HUNGARIAN OIL COMPANY EXPANDS INTO ROMANIA
MOL Romania, a subsidiary of Hungarian petrochemical concern MOL, has concluded an agreement for the purchase of 23 filling stations from Shell Romania, Hungarian media reported on 31 July. If the purchase is approved by Romanian antitrust authorities, MOL will have 73 filling stations in Romania, becoming the second-largest company on that market. MOL hopes to establish a nationwide filling station network in Romania -- as it has in Hungary -- that commands at least a 10 percent market share. MS
BALKAN LEADERS DISCUSS SECURITY AND CRIME
The prime ministers of Bosnia, Bulgaria, Croatia, Montenegro, Romania, and Serbia began an informal meeting in Salzburg on 30 July at the invitation of their Austrian counterpart, Wolfgang Schuessel, "Die Presse" and RFE/RL's South Slavic and Albanian Languages Service reported. The theme of the gathering is "Stability in Southeastern Europe in the 21st Century," which means that the talks will center on issues such as promoting security and combating organized crime. A similar meeting in 2002 stressed the importance of the rule of law and free trade, while the integration of the Balkans into the European Union is likely to play a similar role in the current talks (see "RFE/RL Newsline," 5 August 2002 and "RFE/RL Balkan Report," 27 June 2003). The prime ministers of Albania and Macedonia declined to attend because of the government crisis in Tirana and the politically charged national holiday in Macedonia, respectively. PM
ALBANIAN PRIME MINISTER NAMES ACTING FOREIGN MINISTER
Albanian Prime Minister Fatos Nano said in Tirana on 29 July that Deputy Foreign Minister Luan Hajdaraga will head the ministry until September, thereby temporarily defusing a government crisis, the "Southeast European Times" reported (see "RFE/RL Newsline," 29 July 2003). Nano stressed that the replacement of former Foreign Minister Ilir Meta, who resigned recently to protest a perceived power grab by Nano, will not affect the country's foreign policy. PM
MACEDONIAN INTERIOR MINISTRY PROMOTES WEAPONS BAN
The Macedonian Interior Ministry informed the public on 30 July that a new law banning carrying weapons in public places will take effect on 1 August, "Utrinski vesnik" reported. The ministry warned that the legislation will be rigorously implemented and those violating it will be punished with the full force of the law. The new measure is part of a campaign aimed at disarming civilians in a country that has a long-established gun culture and experienced internal unrest in 2001 (see "RFE/RL Newsline," 14, 23, and 24 July 2003). UB
MONTENEGRIN PARLIAMENT ELECTS NEW SPEAKER
The Montenegrin parliament voted on 30 July to elect Social Democratic Party (SDP) leader Ranko Krivokapic speaker, RFE/RL's South Slavic and Albanian Languages Service reported. The legislature also voted to make Vesna Medenica state prosecutor. PM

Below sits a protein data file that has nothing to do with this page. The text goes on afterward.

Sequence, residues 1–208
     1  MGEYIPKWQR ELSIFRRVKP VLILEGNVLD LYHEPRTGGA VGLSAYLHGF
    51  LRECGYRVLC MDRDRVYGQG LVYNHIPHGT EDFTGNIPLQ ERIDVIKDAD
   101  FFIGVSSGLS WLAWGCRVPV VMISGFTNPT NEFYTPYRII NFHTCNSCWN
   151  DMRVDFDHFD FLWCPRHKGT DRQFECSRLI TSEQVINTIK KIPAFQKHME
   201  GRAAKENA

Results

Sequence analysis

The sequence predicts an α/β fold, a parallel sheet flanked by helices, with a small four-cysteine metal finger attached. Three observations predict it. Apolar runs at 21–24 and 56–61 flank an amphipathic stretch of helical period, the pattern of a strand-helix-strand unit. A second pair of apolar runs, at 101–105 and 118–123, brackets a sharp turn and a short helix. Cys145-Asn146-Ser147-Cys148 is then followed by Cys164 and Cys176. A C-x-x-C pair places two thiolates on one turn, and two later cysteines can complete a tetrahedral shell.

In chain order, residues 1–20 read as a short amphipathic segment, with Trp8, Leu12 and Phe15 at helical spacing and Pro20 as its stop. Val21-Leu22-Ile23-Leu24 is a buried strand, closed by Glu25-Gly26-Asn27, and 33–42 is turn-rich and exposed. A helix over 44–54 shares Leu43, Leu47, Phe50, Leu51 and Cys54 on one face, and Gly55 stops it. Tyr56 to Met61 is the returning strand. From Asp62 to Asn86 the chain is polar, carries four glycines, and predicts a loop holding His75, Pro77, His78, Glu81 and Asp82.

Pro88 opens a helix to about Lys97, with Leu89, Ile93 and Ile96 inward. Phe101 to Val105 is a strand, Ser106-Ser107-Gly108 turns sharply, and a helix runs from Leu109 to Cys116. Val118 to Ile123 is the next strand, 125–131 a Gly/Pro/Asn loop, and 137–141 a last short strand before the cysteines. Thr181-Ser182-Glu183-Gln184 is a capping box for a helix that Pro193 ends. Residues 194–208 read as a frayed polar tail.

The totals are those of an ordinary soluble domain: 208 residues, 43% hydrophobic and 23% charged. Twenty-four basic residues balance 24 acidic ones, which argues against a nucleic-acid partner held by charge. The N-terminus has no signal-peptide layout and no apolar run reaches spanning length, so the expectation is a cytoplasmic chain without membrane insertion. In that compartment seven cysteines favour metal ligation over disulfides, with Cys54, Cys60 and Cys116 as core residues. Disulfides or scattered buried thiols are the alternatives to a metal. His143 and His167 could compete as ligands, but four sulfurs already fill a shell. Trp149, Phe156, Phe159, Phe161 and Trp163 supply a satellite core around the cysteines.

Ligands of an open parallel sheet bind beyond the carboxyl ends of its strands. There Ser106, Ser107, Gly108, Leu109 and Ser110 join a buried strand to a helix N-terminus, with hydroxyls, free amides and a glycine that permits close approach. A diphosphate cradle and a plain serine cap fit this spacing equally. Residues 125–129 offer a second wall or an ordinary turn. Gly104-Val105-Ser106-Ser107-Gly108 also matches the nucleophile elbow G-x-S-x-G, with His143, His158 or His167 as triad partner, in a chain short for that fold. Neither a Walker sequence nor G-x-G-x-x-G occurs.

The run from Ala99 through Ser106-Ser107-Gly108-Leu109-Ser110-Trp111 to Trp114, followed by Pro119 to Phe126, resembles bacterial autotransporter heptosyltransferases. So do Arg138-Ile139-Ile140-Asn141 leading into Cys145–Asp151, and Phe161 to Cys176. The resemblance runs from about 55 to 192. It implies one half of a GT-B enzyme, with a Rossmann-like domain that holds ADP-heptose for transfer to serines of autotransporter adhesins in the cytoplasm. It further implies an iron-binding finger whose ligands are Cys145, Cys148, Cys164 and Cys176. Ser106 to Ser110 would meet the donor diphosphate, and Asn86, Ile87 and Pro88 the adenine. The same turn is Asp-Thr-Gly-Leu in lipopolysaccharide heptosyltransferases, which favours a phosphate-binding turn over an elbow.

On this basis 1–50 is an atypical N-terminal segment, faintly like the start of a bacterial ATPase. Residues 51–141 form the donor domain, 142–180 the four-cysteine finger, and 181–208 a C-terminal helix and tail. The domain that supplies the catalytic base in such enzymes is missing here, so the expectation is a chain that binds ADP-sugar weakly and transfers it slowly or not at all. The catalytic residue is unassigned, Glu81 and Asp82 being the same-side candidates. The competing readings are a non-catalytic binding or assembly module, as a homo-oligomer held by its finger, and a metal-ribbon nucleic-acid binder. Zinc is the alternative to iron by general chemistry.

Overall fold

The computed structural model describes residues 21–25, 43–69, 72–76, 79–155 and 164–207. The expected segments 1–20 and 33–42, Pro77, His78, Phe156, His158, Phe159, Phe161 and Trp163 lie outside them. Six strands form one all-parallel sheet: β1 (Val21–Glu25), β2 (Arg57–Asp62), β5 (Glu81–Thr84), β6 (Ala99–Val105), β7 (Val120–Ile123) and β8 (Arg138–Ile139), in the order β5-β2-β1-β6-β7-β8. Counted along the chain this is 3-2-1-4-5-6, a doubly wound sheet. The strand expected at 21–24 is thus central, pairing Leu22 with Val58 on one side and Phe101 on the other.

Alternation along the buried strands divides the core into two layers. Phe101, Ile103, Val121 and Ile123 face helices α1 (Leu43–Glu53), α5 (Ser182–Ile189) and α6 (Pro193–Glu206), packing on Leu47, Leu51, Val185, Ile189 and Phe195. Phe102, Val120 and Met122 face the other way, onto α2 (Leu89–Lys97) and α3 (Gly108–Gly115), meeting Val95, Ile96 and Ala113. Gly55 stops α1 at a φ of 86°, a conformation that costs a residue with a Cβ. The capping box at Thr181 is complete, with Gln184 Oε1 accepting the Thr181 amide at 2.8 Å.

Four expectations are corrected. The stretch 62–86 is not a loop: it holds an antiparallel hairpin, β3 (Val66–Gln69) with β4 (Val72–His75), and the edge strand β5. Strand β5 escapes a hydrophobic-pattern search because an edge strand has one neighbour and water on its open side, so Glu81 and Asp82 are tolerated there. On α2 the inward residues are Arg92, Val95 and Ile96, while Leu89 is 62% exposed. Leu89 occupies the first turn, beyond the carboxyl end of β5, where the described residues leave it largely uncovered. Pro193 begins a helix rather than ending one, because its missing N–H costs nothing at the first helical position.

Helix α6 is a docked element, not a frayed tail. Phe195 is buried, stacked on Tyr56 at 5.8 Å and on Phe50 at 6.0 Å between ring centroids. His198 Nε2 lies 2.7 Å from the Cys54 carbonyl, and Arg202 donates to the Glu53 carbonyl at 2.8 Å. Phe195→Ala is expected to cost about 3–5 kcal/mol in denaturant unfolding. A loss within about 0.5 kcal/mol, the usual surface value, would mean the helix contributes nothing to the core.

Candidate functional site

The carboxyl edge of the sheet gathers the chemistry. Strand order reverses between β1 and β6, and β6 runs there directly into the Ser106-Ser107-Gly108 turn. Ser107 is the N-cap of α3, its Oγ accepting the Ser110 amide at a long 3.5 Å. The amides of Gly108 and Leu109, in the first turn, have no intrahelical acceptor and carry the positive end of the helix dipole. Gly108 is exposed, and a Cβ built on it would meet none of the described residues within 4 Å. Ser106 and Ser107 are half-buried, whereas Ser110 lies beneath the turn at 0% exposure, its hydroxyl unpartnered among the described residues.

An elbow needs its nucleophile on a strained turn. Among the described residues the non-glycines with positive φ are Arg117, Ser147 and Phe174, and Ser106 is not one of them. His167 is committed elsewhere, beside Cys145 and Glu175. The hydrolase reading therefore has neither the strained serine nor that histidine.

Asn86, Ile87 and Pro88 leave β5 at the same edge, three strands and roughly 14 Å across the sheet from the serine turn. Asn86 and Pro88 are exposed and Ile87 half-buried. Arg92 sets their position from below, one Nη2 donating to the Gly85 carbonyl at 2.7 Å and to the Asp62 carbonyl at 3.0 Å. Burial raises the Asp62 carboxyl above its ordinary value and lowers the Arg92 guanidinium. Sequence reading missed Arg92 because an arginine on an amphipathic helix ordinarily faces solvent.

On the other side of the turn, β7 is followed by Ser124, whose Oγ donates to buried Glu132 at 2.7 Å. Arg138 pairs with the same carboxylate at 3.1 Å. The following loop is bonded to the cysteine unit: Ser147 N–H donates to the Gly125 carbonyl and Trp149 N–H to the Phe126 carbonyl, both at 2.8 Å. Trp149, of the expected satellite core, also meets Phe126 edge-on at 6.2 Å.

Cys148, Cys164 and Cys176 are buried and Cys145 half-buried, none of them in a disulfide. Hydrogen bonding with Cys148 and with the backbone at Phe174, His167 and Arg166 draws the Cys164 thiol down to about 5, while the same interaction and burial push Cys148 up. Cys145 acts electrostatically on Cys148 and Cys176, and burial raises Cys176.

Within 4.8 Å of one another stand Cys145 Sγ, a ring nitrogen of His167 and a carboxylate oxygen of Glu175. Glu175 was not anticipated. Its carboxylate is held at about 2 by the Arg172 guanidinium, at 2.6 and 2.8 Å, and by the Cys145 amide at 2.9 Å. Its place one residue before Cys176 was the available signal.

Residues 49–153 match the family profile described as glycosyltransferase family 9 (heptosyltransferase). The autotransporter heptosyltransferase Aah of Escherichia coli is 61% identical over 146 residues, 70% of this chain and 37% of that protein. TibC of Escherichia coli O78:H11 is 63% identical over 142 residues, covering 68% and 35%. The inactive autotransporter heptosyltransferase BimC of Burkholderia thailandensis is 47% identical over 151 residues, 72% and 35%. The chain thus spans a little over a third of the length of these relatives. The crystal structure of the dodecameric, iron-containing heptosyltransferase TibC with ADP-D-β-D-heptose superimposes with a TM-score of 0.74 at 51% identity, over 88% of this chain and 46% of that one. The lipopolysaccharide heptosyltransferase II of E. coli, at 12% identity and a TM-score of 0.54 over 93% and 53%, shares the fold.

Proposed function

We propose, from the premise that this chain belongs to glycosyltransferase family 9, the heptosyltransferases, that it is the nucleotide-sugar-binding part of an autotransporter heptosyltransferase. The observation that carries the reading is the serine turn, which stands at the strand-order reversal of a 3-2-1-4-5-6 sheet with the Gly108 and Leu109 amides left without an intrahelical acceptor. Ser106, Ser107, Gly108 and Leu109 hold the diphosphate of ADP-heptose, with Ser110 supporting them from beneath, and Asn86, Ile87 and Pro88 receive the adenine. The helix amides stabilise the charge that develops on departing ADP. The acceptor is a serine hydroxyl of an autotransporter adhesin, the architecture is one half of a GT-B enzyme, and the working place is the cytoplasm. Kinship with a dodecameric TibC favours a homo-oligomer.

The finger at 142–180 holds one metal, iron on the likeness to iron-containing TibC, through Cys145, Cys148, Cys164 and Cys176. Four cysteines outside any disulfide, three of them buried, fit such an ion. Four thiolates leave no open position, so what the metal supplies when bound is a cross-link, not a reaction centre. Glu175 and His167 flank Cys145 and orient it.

SERBIAN NGO TO BECOME POLITICAL PARTY
Stanko Lazendic, who heads the Novi Sad branch of the Otpor (Resistance) Serbian students' movement, said on 30 July that Otpor will officially become a political party in September, Deutsche Welle's Serbian Service reported. He charged that the government ignores the activities and suggestions of the NGOs that want Serbia to become a democratic state, adding the only way an NGO like Otpor can put its ideas into practice is by taking an active part in politics. Otpor played an important role in the ouster of former Yugoslav President Slobodan Milosevic in 2000. PM
SERBIA AND MONTENEGRO'S PRESIDENT WARNS WAGGING TONGUES
Serbia and Montenegro's President Svetozar Marovic said in Belgrade on 30 July that all government ministers and other officials should be careful when presenting their personal views in public so as not to call into question the joint state's commitment to European integration, the Constitutional Charter of Serbia and Montenegro, or spirit of the Belgrade agreement on which the joint state is based, RFE/RL's South Slavic and Albanian Languages Service reported. PM
ISRAELI PRESIDENT RESPONDS TO ROMANIAN PRESIDENT'S LETTER ON HOLOCAUST
Responding to President Ion Iliescu's "explanatory" letter on statements he made last week in which he said the Holocaust was not "unique to the Jewish people," Israeli President Moshe Katzav wrote on 30 July that "while the Nazi regime brutalized many [other] nations, only Jews were persecuted and massacred because of their [ethnic] origin and because of the morbid ideology called 'Racial Theory,'" Mediafax reported (see "RFE/RL Newsline," 28, 29, and 30 July 2003). "Not all the war's victims were Jews, but all Jews were war victims," Katzav wrote. "The Nazi genocidal plan was directed only against the Jewish people and it was the Jewish people alone about whom the Nazis used the terrible expression 'Final Solution' in reference to its annihilation." Katzav also said Israel "expects Romania to show courage in looking its tragic past during the Holocaust in the face." He said that "the condemnation of this horrid and singular crime against the Jewish people is necessary to ensure a better future for the coming generations" and avoid "distorting historical truth." The daily "Curentul" on 31 July called Katzav's letter "a gratuitous lesson in history." MS
ROMANIA'S LIBERALS JOIN IN CALL FOR MINISTER'S DISMISSAL
National Liberal Party spokesman and parliamentary deputy Eugen Nicolaescu on 31 July joined calls by the Democratic Party for the dismissal of European Integration Minister Hildegard Puwak for allegedly facilitating access to EU funds to companies headed by her husband and her son, RFE/RL's Bucharest bureau reported (see "RFE/RL Newsline," 30 July 2003). MS
U.S. HELSINKI COMMISSION LEADER URGES ROMANIA TO APPROVE PENAL CODE AMENDMENTS